that's about it. How it works at a filesystem level is nothing they need
ot be aware of.
> Objective-C 2.0 doesn't work on 10.4 and earlier, I think. (Or is it 1.3 and
> earlier.) And I believe the iPhone doesn't support Objective-C 2.0 at all.
Okay, this is very much my own opinion and experience, but; in the world
of Apple, every major release silently obsoletes the release 2 back in
the history. This attitude sucks, but I got the same when using Panther
(10.3) when Leopard (10.5) was released. You'll see a slow decline in
the number of supported apps, tailing off towards the release of the
next version (10.6). It's pretty hard to find Panther apps now - Mono
does not even officially support it. The 10.4 death knell might be
longer if the rumours of Apple not supporting any PowerPC machines with
10.6 are true. Given a year, 10.4 will be in the same position as 10.3
is now though.
The iPhone dev kit supports the Syntax. Properties and such, that were
introduced in Objective C 2.0. It doesn't support everything though, yes.
> One advantage of using Objective-C is that the application can easily be
> ported to the iPhone (if it makes sense for the program). But I hear Novell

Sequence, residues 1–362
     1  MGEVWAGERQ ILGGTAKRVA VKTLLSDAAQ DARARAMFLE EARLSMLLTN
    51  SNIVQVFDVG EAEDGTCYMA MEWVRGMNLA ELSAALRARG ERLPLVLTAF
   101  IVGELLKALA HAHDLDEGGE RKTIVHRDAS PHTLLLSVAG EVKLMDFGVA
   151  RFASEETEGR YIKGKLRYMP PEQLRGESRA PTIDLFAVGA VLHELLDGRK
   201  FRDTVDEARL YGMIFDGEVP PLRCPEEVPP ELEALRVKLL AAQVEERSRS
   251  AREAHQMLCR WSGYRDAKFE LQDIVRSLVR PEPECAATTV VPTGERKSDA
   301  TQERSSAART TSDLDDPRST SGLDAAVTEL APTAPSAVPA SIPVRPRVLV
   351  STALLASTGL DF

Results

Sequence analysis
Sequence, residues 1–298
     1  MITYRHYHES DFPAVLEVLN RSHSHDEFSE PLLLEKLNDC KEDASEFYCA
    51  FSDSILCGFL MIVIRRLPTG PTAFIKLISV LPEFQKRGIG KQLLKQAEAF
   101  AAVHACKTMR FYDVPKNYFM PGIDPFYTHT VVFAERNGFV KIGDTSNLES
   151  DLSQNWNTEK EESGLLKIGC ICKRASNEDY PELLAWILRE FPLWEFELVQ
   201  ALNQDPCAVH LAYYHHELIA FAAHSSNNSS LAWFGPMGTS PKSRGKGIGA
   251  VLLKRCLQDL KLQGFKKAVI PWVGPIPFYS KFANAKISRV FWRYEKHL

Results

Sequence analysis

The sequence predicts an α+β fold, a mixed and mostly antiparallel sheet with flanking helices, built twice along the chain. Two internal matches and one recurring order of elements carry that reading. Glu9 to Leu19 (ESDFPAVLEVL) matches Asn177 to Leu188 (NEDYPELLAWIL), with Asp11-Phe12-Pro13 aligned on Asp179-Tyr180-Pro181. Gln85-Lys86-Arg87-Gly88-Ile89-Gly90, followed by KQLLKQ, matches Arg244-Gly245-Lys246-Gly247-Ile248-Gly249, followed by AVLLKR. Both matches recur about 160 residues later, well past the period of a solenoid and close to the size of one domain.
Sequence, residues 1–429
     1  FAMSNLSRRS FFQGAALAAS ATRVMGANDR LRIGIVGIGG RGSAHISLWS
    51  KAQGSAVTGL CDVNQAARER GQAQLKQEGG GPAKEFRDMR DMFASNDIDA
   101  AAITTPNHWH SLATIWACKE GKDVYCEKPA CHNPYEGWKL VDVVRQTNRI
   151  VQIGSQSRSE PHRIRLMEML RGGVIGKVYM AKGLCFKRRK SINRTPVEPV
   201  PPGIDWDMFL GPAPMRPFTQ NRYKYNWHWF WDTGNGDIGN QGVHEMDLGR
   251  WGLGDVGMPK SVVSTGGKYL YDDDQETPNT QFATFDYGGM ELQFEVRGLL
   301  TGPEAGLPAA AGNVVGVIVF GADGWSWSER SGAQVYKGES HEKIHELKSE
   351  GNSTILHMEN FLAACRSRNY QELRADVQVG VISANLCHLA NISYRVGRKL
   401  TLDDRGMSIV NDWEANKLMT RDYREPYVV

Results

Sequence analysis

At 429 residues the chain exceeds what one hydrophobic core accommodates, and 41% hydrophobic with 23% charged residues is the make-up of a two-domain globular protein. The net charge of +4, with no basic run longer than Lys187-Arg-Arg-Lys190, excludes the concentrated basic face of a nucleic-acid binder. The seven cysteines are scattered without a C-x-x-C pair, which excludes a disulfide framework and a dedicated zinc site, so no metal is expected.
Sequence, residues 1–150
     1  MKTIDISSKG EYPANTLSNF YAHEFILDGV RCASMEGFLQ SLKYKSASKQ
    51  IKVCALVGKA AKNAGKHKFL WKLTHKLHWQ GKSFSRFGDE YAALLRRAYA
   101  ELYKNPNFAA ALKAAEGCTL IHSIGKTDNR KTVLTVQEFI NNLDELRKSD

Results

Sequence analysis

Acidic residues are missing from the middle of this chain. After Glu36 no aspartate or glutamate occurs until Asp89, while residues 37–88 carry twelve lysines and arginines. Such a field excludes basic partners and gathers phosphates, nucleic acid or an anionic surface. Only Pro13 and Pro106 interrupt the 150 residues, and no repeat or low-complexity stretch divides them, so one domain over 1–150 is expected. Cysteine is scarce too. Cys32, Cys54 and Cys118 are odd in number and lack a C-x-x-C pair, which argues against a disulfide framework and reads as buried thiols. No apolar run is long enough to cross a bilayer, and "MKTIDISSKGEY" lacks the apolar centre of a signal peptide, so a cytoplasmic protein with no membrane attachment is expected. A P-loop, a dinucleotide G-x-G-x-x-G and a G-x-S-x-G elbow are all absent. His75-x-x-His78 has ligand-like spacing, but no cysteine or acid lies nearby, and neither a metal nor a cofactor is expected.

> have a solution for running .NET binaries on the iPhone hard-linked
Yeah, Miguel has blogged about it. There is a company selling a product
called Unity, that uses Mono and can create iPhone Games, but it uses
custom code for graphics and isn't able to do GUI apps.
> Mono using Windows Forms or Silverlight/Moonlight. So that advantage of
> Objective-C's might not be relevant any more.
News to me. I heard last that there was no GUI for the iPhone. It's also
worth noting that Miguel stated it was pretty complicated to get the
build process for each app to work at the moment. I've not heard
anything since January though, so things have obviously changed.
With Unity, the developers have solved much of the issues with building,
but it is closed source and costs quite a bit of cash, so it's not
really something to buy on a whim.
> My experiences with the Compact Framework was limited to finding out that
> Windows Mobile 5 supported .NET 1.1 and cannot be updated (at least on my HP
> device) and that Visual Studio 2005 (the earliest I have and I refuse to
> downgrade) supported .NET 2.0 and upwards. Hence I could never develop for
> Windows Mobile and gave up. Apple seem to be a lot better with the software
> update thing for mobile devices. The combination Xcode/iPhone works for me.
You need to install the framework on the machine. They both sit there
side by side happily. I was using both Dell Axim X50's and X51's as well
as older O2 Win Mobile Phones that had 2003 on them. So long as they're
ARM based, it shouldn't be a problem - though anything is possible with
Microsoft. What you lose is a bunch of storage. I even has Framework 2
running on a MIPS based handheld with 2002 on it - and that was pretty
much as extreme as you can get ;-)
> Thanks for all the input.
No worries ;-)